Mr. Shakespeare asked if we gained or lost from the Soviet invasion of Czechoslovakia?

Mr. Kissinger replied we lost.

Mr. Pedersen commented that we did not want a worldwide deterioration of the situation.

Mr. Kissinger thought the “implacable hostility” of China wouldn’t hurt the Soviets for 10 years. He cited the Chinese attack on India in 1962 which resulted in India’s loss of confidence in China. He thought hostilities might lead to an interesting situation in the Middle East. But, on the other hand, it might make the Soviets think they should clean up the situation in the West before they have to face the East again.

Mr. Shakespeare thought that we should consider whether the possibility of a protracted conflict between the USSR and China could have decided benefits.

[Page 252]

Mr. Cargo thought we would analyze the possible types of conflicts which would be advantageous, although we would not have that kind of choice. He thought we must say ‘no’ to a Soviet-Chinese conflict. He thought the nuclear problems—the question of fallout alone—would require this position.

General Unger noted the third-country problem, and Mr. Cargo commented that we would be letting the genie out of the bottle.

Mr. Sonnenfeldt commented that arguing the methodology of advantage or disadvantage isn’t going to get far. We should isolate the consequences and what problems each would pose. In the Middle East, what would Israel calculate the Soviet reaction to be if they should march. What would be the effect on the India–Pakistan situation?

Mr. Shakespeare agreed. While the paper assumes that hostilities should be avoided at all costs, he thought there was another side.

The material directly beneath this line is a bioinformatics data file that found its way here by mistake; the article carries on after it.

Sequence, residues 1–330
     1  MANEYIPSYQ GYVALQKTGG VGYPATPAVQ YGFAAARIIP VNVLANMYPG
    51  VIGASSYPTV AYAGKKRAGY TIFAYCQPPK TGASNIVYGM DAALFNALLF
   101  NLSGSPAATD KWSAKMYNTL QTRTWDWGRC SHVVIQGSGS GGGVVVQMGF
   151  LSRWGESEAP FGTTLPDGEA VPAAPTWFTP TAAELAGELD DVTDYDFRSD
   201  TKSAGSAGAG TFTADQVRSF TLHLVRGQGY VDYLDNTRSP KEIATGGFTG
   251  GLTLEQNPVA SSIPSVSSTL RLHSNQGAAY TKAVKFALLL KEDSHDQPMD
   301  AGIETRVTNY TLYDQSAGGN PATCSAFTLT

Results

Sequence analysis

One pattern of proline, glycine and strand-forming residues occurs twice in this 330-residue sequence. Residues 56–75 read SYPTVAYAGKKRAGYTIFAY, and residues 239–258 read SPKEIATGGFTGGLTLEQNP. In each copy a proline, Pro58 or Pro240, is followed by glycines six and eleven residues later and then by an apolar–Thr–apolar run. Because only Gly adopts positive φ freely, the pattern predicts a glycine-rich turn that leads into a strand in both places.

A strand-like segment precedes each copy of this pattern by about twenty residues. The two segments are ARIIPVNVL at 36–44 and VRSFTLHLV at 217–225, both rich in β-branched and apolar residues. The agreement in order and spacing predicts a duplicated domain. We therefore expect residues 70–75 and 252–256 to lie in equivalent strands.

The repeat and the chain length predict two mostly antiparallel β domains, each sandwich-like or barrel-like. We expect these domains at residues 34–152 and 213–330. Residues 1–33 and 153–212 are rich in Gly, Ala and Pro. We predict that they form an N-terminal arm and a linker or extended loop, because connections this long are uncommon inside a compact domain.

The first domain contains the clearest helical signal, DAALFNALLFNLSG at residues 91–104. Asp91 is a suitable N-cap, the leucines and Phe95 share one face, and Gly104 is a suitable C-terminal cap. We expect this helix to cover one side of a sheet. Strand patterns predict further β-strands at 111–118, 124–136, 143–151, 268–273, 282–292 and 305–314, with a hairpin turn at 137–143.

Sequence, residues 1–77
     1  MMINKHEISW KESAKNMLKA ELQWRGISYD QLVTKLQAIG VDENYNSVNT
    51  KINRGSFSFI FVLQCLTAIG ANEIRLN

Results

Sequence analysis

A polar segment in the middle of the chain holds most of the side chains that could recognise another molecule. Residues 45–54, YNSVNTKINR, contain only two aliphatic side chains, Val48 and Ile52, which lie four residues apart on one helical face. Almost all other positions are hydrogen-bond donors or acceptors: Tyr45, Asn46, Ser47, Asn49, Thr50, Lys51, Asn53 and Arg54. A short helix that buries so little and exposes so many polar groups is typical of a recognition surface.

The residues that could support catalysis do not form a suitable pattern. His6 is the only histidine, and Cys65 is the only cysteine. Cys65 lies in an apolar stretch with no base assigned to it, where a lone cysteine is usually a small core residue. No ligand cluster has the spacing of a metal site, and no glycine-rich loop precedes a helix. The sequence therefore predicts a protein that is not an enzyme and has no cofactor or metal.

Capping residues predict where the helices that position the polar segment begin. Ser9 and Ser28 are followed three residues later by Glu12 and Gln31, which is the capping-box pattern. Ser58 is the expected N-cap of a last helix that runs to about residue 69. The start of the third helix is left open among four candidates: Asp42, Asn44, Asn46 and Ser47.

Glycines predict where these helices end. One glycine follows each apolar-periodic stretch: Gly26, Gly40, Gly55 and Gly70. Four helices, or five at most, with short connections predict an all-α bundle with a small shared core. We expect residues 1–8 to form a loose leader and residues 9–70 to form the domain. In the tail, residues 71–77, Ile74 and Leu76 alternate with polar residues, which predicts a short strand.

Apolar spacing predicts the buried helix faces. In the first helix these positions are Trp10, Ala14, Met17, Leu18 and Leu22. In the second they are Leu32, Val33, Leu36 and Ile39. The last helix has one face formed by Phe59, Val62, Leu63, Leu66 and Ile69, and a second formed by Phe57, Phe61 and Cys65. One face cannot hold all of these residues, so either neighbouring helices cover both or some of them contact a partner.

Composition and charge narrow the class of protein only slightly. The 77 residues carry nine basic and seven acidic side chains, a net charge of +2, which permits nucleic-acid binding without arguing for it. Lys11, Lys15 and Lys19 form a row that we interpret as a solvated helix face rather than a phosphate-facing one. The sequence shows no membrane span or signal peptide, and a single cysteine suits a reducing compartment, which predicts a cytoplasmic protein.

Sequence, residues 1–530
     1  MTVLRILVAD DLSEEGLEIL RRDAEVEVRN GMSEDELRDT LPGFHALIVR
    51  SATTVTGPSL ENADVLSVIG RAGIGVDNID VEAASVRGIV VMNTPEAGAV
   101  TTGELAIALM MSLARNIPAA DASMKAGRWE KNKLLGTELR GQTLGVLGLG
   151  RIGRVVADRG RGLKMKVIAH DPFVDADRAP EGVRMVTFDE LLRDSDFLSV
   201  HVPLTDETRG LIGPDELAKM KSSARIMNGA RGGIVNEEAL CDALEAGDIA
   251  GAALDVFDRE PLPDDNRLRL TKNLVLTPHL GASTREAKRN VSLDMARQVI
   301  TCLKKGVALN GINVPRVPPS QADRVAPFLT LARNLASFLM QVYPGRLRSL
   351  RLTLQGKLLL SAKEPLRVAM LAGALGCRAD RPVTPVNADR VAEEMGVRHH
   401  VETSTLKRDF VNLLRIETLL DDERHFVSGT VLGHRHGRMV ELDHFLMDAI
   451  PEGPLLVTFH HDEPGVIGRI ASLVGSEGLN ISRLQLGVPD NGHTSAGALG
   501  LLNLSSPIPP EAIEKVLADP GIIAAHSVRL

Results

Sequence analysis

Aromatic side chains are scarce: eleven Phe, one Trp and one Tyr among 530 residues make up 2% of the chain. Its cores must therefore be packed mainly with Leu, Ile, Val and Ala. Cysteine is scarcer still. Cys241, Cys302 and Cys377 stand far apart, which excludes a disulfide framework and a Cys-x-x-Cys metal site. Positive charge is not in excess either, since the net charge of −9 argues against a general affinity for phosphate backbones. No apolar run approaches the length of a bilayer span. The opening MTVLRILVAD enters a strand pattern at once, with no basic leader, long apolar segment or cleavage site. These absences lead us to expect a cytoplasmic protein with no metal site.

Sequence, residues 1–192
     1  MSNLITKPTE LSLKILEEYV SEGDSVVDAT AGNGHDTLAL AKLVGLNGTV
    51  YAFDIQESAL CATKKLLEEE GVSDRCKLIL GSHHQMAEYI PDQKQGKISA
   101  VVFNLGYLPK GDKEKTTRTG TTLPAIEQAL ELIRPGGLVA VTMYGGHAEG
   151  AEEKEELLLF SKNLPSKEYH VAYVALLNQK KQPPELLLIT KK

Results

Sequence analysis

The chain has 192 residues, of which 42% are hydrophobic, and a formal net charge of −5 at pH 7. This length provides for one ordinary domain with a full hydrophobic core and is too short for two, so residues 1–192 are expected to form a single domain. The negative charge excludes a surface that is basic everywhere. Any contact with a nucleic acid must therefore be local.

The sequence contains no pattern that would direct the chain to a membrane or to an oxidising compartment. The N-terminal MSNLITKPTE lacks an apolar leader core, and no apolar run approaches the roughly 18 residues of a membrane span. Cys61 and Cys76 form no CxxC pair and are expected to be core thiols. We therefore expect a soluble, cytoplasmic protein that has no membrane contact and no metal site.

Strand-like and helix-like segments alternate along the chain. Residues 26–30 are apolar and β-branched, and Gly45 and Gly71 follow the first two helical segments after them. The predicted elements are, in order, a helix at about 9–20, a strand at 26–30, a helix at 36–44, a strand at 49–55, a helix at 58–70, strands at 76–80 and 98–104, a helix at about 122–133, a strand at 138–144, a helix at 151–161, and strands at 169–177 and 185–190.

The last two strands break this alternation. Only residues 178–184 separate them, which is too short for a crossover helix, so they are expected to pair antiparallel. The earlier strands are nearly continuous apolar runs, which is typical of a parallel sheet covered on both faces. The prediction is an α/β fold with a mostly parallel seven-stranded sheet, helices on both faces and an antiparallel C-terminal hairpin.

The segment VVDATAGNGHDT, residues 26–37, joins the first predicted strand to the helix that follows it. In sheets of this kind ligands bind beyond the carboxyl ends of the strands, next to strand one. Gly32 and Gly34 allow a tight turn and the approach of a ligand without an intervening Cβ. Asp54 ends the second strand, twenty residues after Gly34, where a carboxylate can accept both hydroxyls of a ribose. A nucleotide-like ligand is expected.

Mr. Kissinger asked whether, even if we assume our interest is in avoiding conflict, should we not consider it. He thought it would be very useful to expand the contingency paper9 to 45 days plus. We could handle the Vietnam issue as a part of the contingency paper in view of its sensitivity.

Mr. Cargo agreed.

Mr. Sonnenfeldt noted with regard to SALT that the paper says the Soviets might be more reluctant to go into SALT in the event of major hostilities. He thought this would be true in the event of protracted war, but, on the other hand, the Soviets might want to use SALT as a safety valve and to manipulate the Chinese into a bad position.

Mr. Pedersen noted that the interesting thing in Gromyko’s speech to the General Assembly10 was his statement that any radical disarmament must include all five powers. This was different from what he had said last year.

Mr. Kissinger thought this was suspicious unless the Soviets were getting ready to disarm China.

Mr. Kissinger recommended that, in order to make the NSC discussion useful, we lay out the consequences of various choices in various situations. He thought we might get useful directives as a result.